Finally, those really pretty little beaches which attract dozens of boats on a hot sunny weekend, well you will find us moored right in close to the beach with a draft of 3'8" whilst the fin keeled yachts are jostling for position further out. Bilge keels were an essential item when we went shopping for a yacht.

There are bilge keel Moody 336, 346 and 35 which might be of interest. Also a number of Westerlies were built with bilge keels up to about 34 feet.
I will defer to Pete's far greater experience with bilge keelers

Also I'm still waiting for an invitation to that creek-crawling expedition

The bilge keel Moodys are certainly worth a hard look -- lovely boats.

If the budget allows, the RM Yachts dual-keel boats are also worth a look. They are quirky boats -- I believe they are made of plywood. But very beautifully designed and fast as h*ll. Much beloved by French sailors on the other side of La Manche.
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Old 16-09-2016, 19:49   #11
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Re: Bilge or Keel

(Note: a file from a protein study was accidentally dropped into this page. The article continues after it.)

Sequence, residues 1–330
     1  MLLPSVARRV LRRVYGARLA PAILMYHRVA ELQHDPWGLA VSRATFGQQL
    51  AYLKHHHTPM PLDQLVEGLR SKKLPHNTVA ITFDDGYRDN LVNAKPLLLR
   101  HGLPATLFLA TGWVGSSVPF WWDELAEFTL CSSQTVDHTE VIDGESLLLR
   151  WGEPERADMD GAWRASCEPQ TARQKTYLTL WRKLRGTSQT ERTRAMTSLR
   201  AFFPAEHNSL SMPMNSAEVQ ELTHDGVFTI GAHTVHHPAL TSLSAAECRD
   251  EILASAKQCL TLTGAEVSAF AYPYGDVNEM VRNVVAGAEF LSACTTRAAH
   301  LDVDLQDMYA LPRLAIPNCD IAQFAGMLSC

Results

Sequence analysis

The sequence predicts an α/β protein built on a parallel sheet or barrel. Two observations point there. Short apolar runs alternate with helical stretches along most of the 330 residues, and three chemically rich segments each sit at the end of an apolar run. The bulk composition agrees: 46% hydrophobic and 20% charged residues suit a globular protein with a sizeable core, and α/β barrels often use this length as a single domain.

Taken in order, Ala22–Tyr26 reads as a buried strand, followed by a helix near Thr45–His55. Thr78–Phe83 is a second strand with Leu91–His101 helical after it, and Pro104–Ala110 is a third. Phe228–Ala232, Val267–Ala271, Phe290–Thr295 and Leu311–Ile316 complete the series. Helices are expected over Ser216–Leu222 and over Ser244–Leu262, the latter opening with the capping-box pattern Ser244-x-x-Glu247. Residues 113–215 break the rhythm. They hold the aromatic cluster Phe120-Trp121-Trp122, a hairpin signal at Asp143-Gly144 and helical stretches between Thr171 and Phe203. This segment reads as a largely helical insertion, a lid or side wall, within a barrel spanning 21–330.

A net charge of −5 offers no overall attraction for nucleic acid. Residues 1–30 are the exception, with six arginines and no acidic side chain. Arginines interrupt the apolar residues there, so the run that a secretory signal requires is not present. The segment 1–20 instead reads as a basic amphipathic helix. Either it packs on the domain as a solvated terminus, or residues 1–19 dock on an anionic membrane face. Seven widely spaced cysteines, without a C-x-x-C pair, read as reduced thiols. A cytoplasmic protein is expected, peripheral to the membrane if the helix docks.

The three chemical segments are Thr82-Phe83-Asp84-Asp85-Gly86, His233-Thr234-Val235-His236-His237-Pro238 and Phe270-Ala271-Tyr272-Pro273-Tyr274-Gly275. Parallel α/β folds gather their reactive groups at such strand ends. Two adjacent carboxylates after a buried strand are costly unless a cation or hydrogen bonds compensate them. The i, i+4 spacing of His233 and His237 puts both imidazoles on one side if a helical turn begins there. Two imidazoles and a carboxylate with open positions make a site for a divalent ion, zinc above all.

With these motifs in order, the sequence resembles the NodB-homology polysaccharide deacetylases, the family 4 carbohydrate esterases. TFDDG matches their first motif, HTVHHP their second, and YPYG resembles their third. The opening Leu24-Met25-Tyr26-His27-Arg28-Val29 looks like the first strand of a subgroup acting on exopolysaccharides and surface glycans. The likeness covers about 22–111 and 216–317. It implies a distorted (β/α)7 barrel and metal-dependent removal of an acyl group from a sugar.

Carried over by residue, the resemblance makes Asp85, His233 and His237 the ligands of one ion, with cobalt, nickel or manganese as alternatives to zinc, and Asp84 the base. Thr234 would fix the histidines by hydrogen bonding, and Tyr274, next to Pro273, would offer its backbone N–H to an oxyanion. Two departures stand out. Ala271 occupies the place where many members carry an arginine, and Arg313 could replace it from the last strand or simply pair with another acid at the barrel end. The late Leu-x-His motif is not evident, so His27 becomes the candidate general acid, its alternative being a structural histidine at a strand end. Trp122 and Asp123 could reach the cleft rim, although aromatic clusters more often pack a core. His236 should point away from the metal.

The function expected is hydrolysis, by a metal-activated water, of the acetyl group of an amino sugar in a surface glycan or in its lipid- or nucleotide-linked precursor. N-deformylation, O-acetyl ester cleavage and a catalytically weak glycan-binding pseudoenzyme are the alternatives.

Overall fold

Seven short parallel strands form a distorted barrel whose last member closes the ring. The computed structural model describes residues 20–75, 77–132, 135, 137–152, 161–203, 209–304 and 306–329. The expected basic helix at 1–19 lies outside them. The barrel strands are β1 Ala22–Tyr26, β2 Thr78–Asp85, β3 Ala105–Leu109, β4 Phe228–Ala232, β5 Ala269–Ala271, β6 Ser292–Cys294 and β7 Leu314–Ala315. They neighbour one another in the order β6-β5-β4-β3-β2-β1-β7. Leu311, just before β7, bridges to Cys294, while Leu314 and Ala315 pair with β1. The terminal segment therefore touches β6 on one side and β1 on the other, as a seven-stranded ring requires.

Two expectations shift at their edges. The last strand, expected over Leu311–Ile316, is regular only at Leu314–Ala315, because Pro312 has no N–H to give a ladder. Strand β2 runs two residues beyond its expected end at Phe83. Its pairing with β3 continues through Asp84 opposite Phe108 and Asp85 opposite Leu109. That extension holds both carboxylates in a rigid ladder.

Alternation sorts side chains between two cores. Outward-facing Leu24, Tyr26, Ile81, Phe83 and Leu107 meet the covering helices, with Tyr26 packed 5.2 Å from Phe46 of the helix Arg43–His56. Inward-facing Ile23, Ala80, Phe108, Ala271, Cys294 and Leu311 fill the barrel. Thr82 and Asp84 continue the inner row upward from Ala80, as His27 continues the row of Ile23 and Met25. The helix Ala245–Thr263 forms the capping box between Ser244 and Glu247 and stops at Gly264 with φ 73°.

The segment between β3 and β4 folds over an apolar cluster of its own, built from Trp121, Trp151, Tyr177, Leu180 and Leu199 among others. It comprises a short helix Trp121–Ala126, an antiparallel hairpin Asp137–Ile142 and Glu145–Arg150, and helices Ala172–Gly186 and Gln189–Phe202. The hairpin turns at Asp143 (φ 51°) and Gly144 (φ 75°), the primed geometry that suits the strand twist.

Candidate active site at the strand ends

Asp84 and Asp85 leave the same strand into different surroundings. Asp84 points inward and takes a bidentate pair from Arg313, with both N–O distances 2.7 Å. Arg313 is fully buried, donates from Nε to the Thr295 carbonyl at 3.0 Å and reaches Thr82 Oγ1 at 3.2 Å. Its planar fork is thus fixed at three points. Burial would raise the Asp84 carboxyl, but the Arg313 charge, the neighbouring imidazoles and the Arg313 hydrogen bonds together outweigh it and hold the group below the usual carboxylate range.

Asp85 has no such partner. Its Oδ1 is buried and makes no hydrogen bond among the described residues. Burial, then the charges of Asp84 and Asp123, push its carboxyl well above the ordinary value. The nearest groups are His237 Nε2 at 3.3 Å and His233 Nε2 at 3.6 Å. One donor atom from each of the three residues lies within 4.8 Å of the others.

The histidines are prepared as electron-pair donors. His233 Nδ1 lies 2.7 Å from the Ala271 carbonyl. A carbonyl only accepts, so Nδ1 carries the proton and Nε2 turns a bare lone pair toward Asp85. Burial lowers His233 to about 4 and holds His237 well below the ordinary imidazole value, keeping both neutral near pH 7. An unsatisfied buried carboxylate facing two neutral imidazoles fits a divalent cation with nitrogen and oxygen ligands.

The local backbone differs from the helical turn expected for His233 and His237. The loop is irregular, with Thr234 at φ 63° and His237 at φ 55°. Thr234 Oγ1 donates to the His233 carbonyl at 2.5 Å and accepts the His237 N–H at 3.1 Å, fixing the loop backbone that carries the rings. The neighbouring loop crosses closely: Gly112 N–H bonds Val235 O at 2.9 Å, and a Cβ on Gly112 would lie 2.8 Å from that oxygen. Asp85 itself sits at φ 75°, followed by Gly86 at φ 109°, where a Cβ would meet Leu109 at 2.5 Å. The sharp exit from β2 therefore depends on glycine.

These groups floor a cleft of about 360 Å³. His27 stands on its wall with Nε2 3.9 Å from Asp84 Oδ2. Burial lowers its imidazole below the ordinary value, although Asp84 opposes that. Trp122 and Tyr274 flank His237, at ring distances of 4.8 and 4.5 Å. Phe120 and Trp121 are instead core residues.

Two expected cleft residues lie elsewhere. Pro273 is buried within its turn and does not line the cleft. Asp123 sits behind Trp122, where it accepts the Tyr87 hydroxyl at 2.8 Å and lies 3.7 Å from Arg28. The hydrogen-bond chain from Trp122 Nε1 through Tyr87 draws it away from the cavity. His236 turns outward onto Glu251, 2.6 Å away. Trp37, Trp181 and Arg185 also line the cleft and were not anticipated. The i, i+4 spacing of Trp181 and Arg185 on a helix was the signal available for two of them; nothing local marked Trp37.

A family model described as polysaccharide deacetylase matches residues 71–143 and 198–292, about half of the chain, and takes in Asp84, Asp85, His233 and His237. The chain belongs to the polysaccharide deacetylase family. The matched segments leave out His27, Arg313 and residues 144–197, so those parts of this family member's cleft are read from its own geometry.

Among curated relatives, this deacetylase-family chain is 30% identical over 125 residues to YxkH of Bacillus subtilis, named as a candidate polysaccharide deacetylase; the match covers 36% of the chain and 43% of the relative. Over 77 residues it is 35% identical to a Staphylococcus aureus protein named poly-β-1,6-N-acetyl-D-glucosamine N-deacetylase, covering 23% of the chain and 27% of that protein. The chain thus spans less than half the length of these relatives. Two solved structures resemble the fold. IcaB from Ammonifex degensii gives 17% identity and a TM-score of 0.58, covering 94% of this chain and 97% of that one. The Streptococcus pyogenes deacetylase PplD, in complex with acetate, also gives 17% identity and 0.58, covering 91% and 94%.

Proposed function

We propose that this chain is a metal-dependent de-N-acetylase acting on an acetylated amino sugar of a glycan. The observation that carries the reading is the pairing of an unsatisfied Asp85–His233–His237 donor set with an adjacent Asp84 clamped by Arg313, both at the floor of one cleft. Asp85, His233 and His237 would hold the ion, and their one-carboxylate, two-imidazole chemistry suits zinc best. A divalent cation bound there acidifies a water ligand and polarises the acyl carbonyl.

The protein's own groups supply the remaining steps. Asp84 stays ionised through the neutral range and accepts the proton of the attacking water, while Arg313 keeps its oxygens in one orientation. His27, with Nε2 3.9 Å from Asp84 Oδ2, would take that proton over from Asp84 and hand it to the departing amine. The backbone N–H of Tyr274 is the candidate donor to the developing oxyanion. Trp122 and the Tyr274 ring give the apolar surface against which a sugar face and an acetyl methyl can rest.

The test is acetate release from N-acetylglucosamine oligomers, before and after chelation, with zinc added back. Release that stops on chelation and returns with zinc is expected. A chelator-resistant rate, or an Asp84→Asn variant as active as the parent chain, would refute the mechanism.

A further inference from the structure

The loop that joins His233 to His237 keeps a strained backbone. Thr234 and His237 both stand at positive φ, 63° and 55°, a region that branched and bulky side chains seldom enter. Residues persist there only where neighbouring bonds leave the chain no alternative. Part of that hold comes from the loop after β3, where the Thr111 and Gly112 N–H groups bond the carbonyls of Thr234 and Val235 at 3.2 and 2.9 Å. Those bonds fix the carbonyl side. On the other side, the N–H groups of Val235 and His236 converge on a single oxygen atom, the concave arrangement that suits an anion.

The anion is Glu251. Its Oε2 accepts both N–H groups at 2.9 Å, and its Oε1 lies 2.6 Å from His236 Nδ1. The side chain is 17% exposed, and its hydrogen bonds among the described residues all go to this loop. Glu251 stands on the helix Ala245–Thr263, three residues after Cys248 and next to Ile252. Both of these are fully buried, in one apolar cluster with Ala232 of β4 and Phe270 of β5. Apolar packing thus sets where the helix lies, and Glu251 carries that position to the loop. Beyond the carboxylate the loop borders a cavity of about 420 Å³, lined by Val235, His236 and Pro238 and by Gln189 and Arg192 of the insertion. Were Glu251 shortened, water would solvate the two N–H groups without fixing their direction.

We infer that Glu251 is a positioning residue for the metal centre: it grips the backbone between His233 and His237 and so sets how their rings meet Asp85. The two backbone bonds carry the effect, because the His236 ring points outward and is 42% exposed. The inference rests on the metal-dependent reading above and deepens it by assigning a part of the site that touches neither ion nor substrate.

Twin-keeled 45-foot boat two weeks ago: We raised the main and genoa in 15kts of apparent wind. The boat was at hull speed close hauled within moments with barely any heel and most definitely taking us to windward (where we needed to go).

Sailors disagree on everything, of course, but I really think those who say that twin/bilge-keel boats don't sail well just haven't sailed them enough. If you look at some of these boats out of water they just don't look like they'll be fast, but in the water they can be ('fast' being a relative term, of course). Practical tests have been done on identical hulls with and without twin keels, and the results are more or less the same, probably dependent on conditions for each test as much as anything else. If I'm right, one ought to focus on other aspects of different keels. Doing that suddenly makes the twin-keel boats look very attractive indeed (to sailors if not to owners of Travelifts).